Tag Archives: George Bernard Shaw

The Mobility of Social Class

14 Apr

George Bernard Shaw’s play Pygmalion comprises various topics and themes. The most dominant and obvious, however, is concerned with social class, particularly class distinctions. Through his use of different characters, Shaw clearly presents the distinction between different classes. Throughout the play, he represents the different factors that drive the wedge between classes, which include language, appearances, decorum, education and wealth. The satire mainly lies in the factor of language, as the play is centered on the fact (or theme) that simply changing one’s way of speaking or accent enables class mobility. Higgins, the professor of phonetics (and one of the protagonists of the play) believes wagers that he can turn Eliza Doolittle, a common flower girl, into a lady within six months, merely by working on her speech.

“You have no idea how frightfully interesting it is to take a human being and changer her into a quite different human being by creating a new speech for her. It’s filling up the deepest gulf that separates class from class and soul from soul,” says Higgins to his mother (3. 223-224).

Thus, one can sense the folly Shaw is presenting with class distinctions, and that they can be based on the most superficial, negligible things. This is especially reinforced by Higgins’s lighthearted, experimental attitude towards this project, which he treats as a “bet”. Shaw even goes further to reveal that intra-class distinctions are just as existent as inter-class distinctions. This can be represented by the Enysford Hills, who he represents as the “genteel” poor. They may have the social etiquette and appearances of the middle class, but in terms of wealth, they are more like Eliza. Hence, they represent the “lower middle class”.

Today, such class distinctions still exist. In the United States, there are so many different opinions of the social strata that are present. Some believe in the “three-class theory”, which includes the rich, middle class and the poor. Others believe that many more social strata exist, particularly within classes. Nonetheless, unlike Shaw’s play, class mobility in the States, and probably most other countries, is not as easy or enabled by something as simple as changing your manner of speaking. In other words, society is not as easily “fooled” by shallow things such as appearances and speech as Shaw’s society is by Eliza. In the U.S., class distinctions are more fixed, based more on income, the family you are born into and education. When a people are born into lower class families, they are often stuck in those conditions, as they are more limited in wealth, and therefore, education. Of course, there are countless stories of people born into poor families who become successful and manage to get quality education, but one cannot simply ignore their background and the family in which they have been raised. The reality is that it requires much more work and yearning to transform to a higher class, at least, more than the few months that it took Eliza to develop her speech.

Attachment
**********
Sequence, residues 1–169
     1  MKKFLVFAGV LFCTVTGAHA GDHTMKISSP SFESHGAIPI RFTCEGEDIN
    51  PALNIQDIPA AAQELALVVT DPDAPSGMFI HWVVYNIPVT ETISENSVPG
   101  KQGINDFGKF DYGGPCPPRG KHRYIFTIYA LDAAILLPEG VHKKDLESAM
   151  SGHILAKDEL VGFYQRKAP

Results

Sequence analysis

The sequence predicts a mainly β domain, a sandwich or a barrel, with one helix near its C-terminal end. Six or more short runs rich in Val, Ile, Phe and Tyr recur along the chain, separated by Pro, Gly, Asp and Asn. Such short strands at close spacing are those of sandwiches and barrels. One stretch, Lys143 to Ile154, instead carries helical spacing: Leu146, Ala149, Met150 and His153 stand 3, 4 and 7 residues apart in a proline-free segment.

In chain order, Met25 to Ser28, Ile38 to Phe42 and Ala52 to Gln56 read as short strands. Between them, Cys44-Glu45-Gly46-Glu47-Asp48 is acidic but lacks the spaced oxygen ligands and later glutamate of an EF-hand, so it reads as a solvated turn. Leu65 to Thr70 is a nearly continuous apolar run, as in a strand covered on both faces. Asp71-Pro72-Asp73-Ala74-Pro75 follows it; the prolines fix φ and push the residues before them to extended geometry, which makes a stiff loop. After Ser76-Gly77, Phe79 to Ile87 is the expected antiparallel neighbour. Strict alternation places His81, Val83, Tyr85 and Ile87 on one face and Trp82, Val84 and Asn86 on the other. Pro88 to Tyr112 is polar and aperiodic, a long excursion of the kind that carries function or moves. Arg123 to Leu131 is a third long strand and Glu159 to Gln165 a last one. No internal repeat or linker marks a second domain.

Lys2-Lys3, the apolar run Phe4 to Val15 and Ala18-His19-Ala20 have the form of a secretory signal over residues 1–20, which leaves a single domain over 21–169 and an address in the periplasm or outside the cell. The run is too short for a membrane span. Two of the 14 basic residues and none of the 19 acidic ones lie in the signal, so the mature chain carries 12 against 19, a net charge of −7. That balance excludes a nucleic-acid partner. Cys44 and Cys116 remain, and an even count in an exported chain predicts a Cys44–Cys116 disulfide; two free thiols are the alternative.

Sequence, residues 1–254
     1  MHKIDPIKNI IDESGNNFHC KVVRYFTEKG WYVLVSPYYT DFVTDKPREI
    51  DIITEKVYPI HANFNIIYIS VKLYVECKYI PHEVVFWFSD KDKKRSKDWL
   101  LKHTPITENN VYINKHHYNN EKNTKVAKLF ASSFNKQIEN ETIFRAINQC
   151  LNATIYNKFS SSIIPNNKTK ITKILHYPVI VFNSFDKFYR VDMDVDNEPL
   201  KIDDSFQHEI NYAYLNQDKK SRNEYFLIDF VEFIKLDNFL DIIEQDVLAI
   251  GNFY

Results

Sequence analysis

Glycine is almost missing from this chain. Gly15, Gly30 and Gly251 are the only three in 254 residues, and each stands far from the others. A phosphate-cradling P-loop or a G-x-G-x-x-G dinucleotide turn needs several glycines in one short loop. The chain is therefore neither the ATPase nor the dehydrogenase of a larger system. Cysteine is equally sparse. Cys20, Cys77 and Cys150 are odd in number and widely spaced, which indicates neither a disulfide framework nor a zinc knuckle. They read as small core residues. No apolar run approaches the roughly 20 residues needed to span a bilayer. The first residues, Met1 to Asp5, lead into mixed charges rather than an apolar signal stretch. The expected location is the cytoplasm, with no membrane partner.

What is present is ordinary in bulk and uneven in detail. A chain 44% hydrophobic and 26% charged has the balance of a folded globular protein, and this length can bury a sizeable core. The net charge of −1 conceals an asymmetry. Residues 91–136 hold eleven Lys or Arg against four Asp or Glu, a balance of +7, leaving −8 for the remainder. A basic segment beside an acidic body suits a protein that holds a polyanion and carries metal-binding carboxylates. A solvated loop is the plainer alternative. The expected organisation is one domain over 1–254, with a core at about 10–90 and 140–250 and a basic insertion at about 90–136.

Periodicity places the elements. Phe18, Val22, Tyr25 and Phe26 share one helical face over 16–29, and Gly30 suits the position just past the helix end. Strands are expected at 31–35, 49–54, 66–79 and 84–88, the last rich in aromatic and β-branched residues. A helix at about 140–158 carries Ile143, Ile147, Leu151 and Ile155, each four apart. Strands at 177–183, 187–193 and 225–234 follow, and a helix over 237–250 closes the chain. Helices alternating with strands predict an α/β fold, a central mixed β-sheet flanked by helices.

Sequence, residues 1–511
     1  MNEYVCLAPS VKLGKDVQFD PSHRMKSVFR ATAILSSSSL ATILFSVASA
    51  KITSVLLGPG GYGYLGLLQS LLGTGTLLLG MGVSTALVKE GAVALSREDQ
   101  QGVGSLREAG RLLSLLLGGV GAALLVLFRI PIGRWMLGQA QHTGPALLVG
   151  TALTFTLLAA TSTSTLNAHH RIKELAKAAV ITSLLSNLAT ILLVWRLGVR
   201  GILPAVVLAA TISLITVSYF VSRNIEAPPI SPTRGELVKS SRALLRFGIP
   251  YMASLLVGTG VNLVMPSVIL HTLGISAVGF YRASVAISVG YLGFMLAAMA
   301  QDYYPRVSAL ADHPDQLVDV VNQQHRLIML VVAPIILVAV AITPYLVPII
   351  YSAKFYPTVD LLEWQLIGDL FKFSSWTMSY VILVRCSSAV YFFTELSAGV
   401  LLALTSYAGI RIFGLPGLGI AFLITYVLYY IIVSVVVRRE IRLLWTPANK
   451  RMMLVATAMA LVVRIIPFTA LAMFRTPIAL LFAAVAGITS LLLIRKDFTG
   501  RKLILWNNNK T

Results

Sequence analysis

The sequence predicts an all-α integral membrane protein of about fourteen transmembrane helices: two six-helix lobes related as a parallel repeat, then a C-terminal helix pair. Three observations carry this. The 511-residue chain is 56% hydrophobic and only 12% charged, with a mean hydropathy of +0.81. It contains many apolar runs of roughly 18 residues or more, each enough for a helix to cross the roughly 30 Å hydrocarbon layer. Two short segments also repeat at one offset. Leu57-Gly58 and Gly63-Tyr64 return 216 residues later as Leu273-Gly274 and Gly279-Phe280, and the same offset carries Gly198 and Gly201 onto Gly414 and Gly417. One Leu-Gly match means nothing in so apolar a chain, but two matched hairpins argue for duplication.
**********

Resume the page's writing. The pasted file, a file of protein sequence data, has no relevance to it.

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George Bernard Shaw Bio

9 Mar

George Bernard Shaw was born on 26th of July, in 1856. He was an Irish playwright and a co-founder of the London School of Economics. He attended the Wesley College in Dublin , then grammar school operated by the Methodist Church in Ireland and in the end transferred to Dublin’s Central Model School after moving to a private school near Dalkey. The start of his career was when he was sponsored by William Archer and became a critic of the arts, by joining the reviewing staff of the Pall Mall Gazette and was writing under a pseudonym “Corno di Bassetto” which meant “basset horn”, because it sounded European and no one knew what it meant.  Between 1879 and 1883, Shaw wrote 5 unsuccesful novels that were published eventually called Cashel Byron’s Profession, An Unsocial Socialist, Love Among the Artists, The Irrational Knot and Immaturity. In 1898 he married Charlotte Payne-Townshend who he outlived. That year he also bought his first camera and was an active amateur photographer. Shaw was active in local politics and served in London County Council. In his works he examined education, marriage, religion, government, health care and class privilege. Shaw was the only person who was awarded both a Nobel Prize for Literature (1925) and Oscar (1938) for his contributions to literature and his work on the film Pygmalion. He wanted to refuse his Nobel Prize but in the end he accepted it and donated the money for Swedish to English translation purposes. He died at the age of 94, on the 2nd of November in 1950.

Speech Therapy

8 Mar